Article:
Title: Wind-Blown.

Are you hot yet? I know I am! Today’s blog goes out to my summer lovers out there. While I’m not the biggest fan of the hot weather, I do like summer’s longer days and the abundance of colors that seem to be around every corner. So this blog is a set of tips for shooting in summertime conditions. 

7 Tips for Summer Photography

1. Beware of Sunscreen. No not on your body, in fact you should be using SPF 30 to protect your skin outside - however, sunscreen is very damaging to cameras. The ingredients can eat and wear down camera seals, take finish off of lenses and even take the sheen of your camera body. Keep antibacterial lotion or wipes in your bag and use it immediately after applying sunscreen to help clean it off your hands.

2. Color, Color, Color. Use the bright colors that seem to be everywhere! Capture the blue skies by keeping the sun behind you and take full advantage of the summer saturations of colors.

3. Summertime Details. Capture the details that scream summer. Bright flowers, pools and sprinklers watering a green lawn, and who doesn’t love a shot of BBQ food items or a picnic basket. Do you have large bodies of water around you? If yes, it’s time to get out and photograph some beach lifestyles.

4. Travel Light. Don’t carry every lens you own! Limit yourself to 1 to 2 lenses for your walks… I mean do you really want all that added weight in the heat? 

5. The Summer Portrait. The sun is harsh, so avoid having your subject looking directly into the sun. Shade can be your friend and it’s all about placement. If you are wanting a full on summer portrait position your model with their back to the sun and meter on the face to help avoid getting silhouettes.

6. Avoid Mid-Day. Avoid the noon sun as much as possible. Mid-Day lighting is extremely harsh and doesn’t make for the best lighting scenarios. If you are scheduling photography sessions do them earlier or later in the day. Added bonus, it’s cooler at those times and helps control moods and comfort levels.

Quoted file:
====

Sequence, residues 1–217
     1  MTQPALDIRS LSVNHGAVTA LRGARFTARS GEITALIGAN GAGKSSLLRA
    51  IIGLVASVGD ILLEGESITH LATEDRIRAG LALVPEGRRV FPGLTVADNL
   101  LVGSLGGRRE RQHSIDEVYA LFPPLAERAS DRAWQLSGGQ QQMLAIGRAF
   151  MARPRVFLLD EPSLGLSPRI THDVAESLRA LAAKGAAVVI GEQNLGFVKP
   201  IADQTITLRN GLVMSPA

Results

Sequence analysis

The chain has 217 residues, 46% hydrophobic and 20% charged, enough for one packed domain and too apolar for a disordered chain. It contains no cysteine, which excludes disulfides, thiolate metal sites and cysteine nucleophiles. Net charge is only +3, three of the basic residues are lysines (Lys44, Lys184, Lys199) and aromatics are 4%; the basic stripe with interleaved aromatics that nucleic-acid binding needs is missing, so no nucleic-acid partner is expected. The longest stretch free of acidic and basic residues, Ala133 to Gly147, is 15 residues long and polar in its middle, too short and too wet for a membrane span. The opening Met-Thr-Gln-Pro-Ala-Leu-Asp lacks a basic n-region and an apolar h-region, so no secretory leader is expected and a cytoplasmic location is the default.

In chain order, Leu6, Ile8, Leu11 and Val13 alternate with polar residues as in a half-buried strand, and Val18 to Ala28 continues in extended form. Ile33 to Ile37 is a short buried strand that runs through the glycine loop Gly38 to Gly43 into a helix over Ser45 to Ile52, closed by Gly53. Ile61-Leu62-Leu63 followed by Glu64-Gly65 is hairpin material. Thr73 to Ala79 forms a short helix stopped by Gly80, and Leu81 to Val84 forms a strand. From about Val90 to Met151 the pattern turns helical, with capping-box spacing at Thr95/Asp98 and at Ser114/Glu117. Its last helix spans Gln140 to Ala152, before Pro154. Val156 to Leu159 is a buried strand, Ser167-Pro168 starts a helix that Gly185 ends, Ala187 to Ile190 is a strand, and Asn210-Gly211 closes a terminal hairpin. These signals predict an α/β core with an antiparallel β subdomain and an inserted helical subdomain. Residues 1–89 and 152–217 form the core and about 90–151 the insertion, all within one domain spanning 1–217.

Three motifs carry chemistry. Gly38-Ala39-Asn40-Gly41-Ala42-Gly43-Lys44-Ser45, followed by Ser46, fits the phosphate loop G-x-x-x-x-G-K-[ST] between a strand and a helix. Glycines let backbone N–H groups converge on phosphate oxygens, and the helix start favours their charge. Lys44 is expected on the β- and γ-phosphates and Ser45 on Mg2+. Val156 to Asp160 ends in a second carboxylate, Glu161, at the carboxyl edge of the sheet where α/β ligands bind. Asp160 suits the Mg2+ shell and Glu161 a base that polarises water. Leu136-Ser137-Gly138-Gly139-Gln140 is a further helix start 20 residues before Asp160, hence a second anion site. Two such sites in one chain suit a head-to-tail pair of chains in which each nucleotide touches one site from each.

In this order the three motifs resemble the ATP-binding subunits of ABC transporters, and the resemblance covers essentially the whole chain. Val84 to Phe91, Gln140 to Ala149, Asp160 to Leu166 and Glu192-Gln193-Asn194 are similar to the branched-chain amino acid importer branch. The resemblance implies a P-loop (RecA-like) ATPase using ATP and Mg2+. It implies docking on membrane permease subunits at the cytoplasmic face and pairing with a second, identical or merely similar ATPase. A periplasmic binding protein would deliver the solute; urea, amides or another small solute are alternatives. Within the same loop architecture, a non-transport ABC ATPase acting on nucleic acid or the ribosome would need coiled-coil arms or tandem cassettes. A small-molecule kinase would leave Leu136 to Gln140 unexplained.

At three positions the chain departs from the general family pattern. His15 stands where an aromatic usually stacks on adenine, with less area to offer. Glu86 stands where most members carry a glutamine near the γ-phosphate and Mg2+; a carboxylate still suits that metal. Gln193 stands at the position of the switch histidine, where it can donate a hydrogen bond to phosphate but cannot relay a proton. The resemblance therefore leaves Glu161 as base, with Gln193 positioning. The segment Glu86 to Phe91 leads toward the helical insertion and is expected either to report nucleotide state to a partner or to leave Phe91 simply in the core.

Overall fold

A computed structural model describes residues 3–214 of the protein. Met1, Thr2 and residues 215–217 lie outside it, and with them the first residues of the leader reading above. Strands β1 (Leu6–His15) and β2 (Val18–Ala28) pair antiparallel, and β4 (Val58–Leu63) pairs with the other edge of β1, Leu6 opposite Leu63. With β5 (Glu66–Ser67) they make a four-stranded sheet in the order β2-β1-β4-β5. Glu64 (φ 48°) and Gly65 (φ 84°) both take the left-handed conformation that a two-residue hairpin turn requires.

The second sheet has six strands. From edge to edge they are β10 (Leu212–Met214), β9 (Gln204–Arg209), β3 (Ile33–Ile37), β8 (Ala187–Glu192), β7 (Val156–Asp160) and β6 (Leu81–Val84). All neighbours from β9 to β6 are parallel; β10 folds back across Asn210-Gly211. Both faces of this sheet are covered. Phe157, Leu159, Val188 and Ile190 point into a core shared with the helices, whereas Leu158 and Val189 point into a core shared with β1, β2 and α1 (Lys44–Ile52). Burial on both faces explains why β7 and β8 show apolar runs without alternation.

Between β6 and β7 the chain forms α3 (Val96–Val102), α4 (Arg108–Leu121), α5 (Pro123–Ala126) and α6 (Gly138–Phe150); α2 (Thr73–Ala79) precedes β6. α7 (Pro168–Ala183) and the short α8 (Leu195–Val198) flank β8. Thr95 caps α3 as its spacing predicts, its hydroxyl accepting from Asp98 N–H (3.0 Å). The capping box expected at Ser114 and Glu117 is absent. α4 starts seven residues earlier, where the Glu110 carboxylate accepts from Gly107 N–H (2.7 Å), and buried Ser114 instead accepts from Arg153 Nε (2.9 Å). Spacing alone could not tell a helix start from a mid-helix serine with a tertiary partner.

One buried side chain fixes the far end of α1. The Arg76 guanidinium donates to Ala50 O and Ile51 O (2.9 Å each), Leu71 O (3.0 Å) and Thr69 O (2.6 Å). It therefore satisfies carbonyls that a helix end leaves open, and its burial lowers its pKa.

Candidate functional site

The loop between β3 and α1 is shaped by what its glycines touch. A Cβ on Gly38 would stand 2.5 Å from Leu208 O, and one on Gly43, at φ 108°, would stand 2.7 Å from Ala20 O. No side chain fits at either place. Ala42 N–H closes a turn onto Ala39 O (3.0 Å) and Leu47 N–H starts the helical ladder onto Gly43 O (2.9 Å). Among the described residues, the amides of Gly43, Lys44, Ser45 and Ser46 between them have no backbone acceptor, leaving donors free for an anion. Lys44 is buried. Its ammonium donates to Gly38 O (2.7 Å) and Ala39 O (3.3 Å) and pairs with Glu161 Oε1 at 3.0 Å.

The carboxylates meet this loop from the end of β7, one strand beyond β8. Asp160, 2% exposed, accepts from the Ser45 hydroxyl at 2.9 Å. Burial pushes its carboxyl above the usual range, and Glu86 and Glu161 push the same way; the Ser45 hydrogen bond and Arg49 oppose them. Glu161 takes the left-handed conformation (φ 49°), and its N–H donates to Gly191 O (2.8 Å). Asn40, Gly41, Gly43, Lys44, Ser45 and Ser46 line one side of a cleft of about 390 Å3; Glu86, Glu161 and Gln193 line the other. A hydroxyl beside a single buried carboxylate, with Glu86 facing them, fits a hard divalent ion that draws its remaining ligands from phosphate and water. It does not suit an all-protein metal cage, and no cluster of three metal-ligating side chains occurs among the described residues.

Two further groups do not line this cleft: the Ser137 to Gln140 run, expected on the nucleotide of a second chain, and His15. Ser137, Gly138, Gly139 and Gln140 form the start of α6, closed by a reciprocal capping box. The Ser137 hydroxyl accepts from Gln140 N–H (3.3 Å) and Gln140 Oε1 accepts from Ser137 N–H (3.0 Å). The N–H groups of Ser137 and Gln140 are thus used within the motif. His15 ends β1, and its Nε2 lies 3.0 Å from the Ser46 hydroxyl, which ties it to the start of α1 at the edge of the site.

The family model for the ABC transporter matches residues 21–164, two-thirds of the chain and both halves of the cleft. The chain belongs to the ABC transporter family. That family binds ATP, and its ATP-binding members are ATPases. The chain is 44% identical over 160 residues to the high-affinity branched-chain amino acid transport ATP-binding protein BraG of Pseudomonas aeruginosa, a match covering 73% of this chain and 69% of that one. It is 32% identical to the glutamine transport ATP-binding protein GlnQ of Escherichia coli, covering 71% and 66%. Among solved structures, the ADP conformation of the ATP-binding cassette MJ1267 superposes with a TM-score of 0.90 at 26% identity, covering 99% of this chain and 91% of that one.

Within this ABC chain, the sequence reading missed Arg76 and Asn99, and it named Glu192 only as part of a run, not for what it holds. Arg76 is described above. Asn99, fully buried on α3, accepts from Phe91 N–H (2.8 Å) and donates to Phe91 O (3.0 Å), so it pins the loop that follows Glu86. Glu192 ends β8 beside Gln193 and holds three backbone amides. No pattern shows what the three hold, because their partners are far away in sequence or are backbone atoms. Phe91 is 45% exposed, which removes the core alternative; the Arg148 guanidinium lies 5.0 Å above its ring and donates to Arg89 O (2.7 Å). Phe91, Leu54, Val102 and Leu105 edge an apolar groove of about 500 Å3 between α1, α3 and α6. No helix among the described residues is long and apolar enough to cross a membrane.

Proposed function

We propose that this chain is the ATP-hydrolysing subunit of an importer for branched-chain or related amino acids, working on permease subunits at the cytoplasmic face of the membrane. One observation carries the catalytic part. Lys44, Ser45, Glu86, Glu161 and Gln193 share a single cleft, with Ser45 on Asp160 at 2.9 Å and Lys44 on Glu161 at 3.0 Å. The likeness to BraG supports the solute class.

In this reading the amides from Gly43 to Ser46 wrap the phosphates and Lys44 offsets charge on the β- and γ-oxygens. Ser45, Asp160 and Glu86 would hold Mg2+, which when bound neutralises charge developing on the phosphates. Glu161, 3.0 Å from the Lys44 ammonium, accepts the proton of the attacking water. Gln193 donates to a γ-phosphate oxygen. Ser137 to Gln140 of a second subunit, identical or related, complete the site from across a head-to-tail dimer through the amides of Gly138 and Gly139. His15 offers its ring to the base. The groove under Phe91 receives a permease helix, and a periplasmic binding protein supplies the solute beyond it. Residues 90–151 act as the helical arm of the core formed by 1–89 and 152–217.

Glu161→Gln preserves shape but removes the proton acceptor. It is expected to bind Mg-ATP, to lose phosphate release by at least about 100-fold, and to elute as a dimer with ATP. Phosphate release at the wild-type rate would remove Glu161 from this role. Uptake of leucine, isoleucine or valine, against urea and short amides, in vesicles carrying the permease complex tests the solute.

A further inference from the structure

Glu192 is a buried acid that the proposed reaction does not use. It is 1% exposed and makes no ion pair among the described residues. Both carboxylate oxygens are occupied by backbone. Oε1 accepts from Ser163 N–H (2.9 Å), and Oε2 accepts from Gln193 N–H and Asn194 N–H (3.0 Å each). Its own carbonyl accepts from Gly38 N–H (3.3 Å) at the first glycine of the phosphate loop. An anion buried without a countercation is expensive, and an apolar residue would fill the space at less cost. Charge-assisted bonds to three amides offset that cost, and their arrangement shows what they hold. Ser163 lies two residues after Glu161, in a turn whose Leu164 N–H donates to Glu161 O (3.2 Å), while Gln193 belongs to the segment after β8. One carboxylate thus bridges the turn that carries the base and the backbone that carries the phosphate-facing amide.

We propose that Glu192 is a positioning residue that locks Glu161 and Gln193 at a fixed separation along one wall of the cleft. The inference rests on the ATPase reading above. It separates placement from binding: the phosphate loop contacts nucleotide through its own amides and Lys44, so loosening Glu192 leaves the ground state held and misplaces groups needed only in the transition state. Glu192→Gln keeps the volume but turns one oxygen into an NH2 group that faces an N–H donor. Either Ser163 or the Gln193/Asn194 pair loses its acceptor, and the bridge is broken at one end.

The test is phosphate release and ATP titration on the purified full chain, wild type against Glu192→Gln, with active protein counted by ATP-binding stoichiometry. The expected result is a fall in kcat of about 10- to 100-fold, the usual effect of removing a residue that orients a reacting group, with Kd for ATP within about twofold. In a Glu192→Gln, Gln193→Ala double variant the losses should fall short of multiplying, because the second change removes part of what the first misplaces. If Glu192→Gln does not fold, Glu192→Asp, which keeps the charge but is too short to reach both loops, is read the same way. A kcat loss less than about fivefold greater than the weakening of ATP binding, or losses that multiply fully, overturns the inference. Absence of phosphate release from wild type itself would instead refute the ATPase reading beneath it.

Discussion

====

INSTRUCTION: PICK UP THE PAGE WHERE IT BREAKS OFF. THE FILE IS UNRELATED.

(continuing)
7. Wet ‘N Wild - Keep Dry! And by dry I’m talking about your camera. Keep water splashes off your camera. Moisture, dust, and sand can harm your camera and it’s internal components. If you are doing lens changes, avoid the wind and the increased particles in the air. As for you, a bottle of water or even better yet a refillable water bottle should be part of your gear list. Stay hydrated and keep conscious of your eternal temperature.

 

Title: Multiple Choice.The photo above is an in-camera, 5 shot, multiple digital exposure from a Canon EOS 5D Mark III. Straight out of camera, no post processing. Enjoy.

Title: Multiple Choice.

The photo above is an in-camera, 5 shot, multiple digital exposure from a Canon EOS 5D Mark III. Straight out of camera, no post processing. Enjoy.

Title: JOHN DEERE.What is “Tack Sharp?”Simply stated the term TACK SHARP is used to define images that are sharp. These sharp images should be sharp even when viewed at its largest size to be considered tack sharp. The focal point should be free of blur, movement, and be as sharp as a tack. Hence the term “tack sharp.”

Title: JOHN DEERE.

What is “Tack Sharp?”

Simply stated the term TACK SHARP is used to define images that are sharp. These sharp images should be sharp even when viewed at its largest size to be considered tack sharp. The focal point should be free of blur, movement, and be as sharp as a tack. Hence the term “tack sharp.”